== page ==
Despite the volume, variety and severity of cyber threats, many SMEs still don’t see the value of investing in software that can protect them. Here, we examine the current threat landscape, the consequences of a breach for SMEs, why cybersecurity is important and the solutions available to keep your small business safe.
Why is cybersecurity important?
Cybersecurity is often a low priority for small and medium business owners. You have enough to worry about with revenue, staffing, competitors, markets, regulation and outgoings. Often, SME bosses are not even experts in technology, let alone cybersecurity, so choosing and implementing security software is not a project they can easily tackle.
But the threat is real. According to the Cyber Security Breaches Survey (CSBS) from April 2019, published by the Department for Digital, Culture, Media and Sport, 40%businesses (10 – 49 employees) identified a breach or attack in the 12 months leading up to the survey. For medium businesses (50-249 employees,) this figure rose to 60%.
According to Verizon’s Data Breach Investigations Report 2019, small businesses accounted for 43%of all breaches worldwide. That may seem counterintuitive – surely criminals would target larger firms where the rewards would be greater – but SMEs represent an attractive target.
Why is that? Because they tend to spend less on protection. According to the CSBS, micro and small businesses had a mean spend of £3,490 on cybersecurity, while medium businesses spent £25,100 on average. That’s in comparison to £277,000 for larger businesses. When attackers are looking for targets, it makes sense to pick the easy prey, and that means small firms with easy-to-penetrate networks and limited means to detect intruders.
What are the consequences of cyberattacks for a small business?
While cyberattacks on your business may be virtual, they can cause real damage. A 2018 study by Hiscox found that a cybersecurity breach costs a small business £25,700 on average. And the CSBS reports that repairing the damage can take between 1.3 days (for the smallest businesses where material damage is limited) to 5 days (for larger businesses that have lost data or other assets)
Just under half of all businesses have been affected in at least one of the ways listed below.
Lost data (and the regulatory consequences)
In a GDPR world, businesses of all sizes have become more careful about how they handle data. But no matter how carefully you prepare, a breach can have disastrous consequences. Fines for improper protection of data or incorrect reporting after data is lost can cost businesses up to 20 million euros – a sum that would bankrupt most small firms.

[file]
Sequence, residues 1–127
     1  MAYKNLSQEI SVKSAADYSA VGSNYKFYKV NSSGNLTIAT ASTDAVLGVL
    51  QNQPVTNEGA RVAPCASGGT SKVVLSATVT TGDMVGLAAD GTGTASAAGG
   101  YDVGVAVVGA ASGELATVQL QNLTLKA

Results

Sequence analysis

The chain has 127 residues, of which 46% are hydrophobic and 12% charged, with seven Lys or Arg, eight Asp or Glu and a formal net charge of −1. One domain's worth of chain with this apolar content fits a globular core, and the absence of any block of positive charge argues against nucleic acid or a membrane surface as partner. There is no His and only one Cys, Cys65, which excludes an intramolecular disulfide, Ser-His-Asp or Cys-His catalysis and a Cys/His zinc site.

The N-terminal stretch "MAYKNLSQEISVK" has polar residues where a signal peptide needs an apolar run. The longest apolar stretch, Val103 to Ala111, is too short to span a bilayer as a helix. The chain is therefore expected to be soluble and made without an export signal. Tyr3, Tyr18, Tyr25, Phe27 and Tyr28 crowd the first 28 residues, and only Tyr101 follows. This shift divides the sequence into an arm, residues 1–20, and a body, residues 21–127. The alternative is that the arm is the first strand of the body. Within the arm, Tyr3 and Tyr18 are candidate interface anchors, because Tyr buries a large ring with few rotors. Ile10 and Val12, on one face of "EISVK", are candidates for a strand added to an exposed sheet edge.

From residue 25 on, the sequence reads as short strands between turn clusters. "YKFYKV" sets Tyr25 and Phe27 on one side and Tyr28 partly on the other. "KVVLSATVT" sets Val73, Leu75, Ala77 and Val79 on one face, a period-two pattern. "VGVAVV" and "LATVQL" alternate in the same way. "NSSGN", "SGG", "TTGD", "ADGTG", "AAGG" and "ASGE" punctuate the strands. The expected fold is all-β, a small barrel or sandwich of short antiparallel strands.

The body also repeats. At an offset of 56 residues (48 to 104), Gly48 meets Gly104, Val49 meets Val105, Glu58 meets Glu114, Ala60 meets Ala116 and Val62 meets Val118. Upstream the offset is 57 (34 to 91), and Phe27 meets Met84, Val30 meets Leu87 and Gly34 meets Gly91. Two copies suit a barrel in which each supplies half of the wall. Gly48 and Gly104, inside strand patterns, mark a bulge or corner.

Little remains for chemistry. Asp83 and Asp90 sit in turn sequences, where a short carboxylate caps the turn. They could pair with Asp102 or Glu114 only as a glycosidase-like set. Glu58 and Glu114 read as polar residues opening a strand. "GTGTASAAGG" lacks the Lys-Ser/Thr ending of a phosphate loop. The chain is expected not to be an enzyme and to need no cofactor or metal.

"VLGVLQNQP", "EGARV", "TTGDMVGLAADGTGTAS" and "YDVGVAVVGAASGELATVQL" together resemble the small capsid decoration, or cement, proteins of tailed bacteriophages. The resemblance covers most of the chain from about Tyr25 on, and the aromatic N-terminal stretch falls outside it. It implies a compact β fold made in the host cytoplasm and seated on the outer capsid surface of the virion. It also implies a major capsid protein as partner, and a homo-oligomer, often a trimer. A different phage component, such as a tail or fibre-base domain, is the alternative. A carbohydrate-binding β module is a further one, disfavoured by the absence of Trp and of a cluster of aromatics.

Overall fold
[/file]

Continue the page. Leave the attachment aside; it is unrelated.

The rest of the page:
Loss of business continuity can happen for many reasons. Criminals can block access to your critical files and systems until you pay a ransom, for example. Or they can steal or corrupt data, which means you have to spend time identifying what data has gone missing and following the necessary steps to inform affected parties and regulatory bodies – all time you should be spending looking after your business. The CSBC says that 17% of businesses reporting a breach suffered temporary loss of access to files or networks. And 10% said their website or other online services were taken down or disrupted.
Large companies that suffer outages or lose customer data often end up on the front pages, and apologetic executives are forced to face difficult questions from news reporters as to why paying customers have been let down again.
While it’s unlikely that small and medium businesses will be subject to such public scrutiny, word travels fast in any industry, and customers, suppliers and partners will soon find out. The impact of this loss of trust is hard to calculate, but affected firms may find it harder to make it onto approved supplier lists for important contracts for a long time to come.
What cybersecurity solutions do I need to protect my small business?
There is a wide range of software to protect your workloads from various attack types. Many common IT solutions have security features built in, but paying for additional, specialised security software will bring more capabilities and let you benefit from the wider expertise and threat overview of a dedicated security vendor.
Here are three cybersecurity solutions that SMEs should consider:
Phishing, which accounts for 80% of attacks on businesses, describes the technique where attackers send automated emails pretending to be from a trusted source, such as a bank or internet provider. Their goal is to trick recipients – your employees – into handing over critical data like usernames, passwords or bank-account details. These emails can be very sophisticated and hard to identify, but software exists that filters out phishing attempts and reduces their effectiveness. You can even run fake phishing campaigns to test how your company responds to these types of attack.
If your devices are infected with malicious software (malware), attackers can disable devices completely, steal data, or use your systems to attack others. Anti-malware solutions help identify, block, and remove such software from your company’s devices.
Network security software
It includes solutions that monitor traffic across your network, block certain types of traffic, and compile data that can help you with internal audits or regulatory compliance. Together, anti-phishing, anti-malware and network security software form a multi-layered barrier that will strengthen your small or medium business’s defences.
You can learn more about the vast range of cybersecurity solutions available to small businesses on our website. Each solution is rated by businesses owners like you and features a detailed description and download link.